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Am J Phys Med. 1985 Feb;64(1):1-9.

Effect of therapeutic ultrasound intensity on subcutaneous tissue temperature and ulnar nerve conduction velocity.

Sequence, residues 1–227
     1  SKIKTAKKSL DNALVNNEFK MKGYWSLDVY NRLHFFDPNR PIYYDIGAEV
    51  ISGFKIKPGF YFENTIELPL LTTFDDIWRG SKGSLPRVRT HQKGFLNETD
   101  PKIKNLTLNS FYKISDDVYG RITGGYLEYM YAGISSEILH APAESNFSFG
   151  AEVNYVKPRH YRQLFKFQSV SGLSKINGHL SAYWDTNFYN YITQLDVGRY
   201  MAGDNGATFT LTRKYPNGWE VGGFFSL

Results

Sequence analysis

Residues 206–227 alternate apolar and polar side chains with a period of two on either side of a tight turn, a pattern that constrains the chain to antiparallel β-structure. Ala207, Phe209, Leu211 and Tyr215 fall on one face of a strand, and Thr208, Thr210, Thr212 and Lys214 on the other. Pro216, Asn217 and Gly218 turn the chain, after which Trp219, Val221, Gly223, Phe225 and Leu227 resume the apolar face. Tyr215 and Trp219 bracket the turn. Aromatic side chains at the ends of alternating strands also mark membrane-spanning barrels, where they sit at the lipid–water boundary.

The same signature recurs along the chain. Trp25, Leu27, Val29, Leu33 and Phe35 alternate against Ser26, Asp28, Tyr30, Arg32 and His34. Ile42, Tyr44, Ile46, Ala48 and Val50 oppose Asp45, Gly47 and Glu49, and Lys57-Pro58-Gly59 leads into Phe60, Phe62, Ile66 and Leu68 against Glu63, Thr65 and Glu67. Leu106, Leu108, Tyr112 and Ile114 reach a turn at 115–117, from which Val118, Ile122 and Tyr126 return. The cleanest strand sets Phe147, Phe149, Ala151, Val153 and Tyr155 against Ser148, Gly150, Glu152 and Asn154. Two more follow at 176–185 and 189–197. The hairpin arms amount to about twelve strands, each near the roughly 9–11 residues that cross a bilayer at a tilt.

Twenty subjects completed 5 min. periods of sonation, at each of six US intensities, over the ulnar nerve in the proximal forearm. All posttreatment NCV's differed significantly from the respective pretreatment velocities. The immediate posttreatment NCV associated with placebo US was significantly (p less than 0.01) less than that observed immediately pretreatment (2.81 m/s), while the five clinical US intensities produced significantly increased immediate posttreatment velocities: 0.5 w/cm2 (2.23 m/s) at (p less than 0.05), and 1.0 w/cm2 (2.78 m/s), 1.5 w/cm2 (3.15 m/s), 2.0 w/cm2 (4.47 m/s) and 2.5 w/cm2 (2.97 m/s) at (p less than 0.01). The posttreatment velocities associated with the five clinical intensities were all significantly greater (p less than 0.01) than that associated with placebo US. Subcutaneous tissue temperatures were directly related to the intensity of US. Not until US intensity had reached 1.5 w/cm2 did the heating effect of US negate the cooling effect of the US transmission gel, to produce significantly increased subcutaneous tissue temperatures after 5 min. sonation. The decreased ulnar motor NCV's associated with placebo US are attributed to the cooling effect of the US transmission gel. The increased ulnar motor NCV's associated with the clinical intensities of US are attributed to the deep heating effect of US. The breakdown of this linear relationship at 2.5 w/cm2 intensity suggests that at this point heating on the nerve and/or the mechanical effects of US were of sufficient magnitude so as to limit the increase in conduction velocity. Sonation over an area of approximately 4.5 times the soundhead for 5 min., along the proximal forearm, at clinical intensities did not have a bipositive effect on motor NCV.

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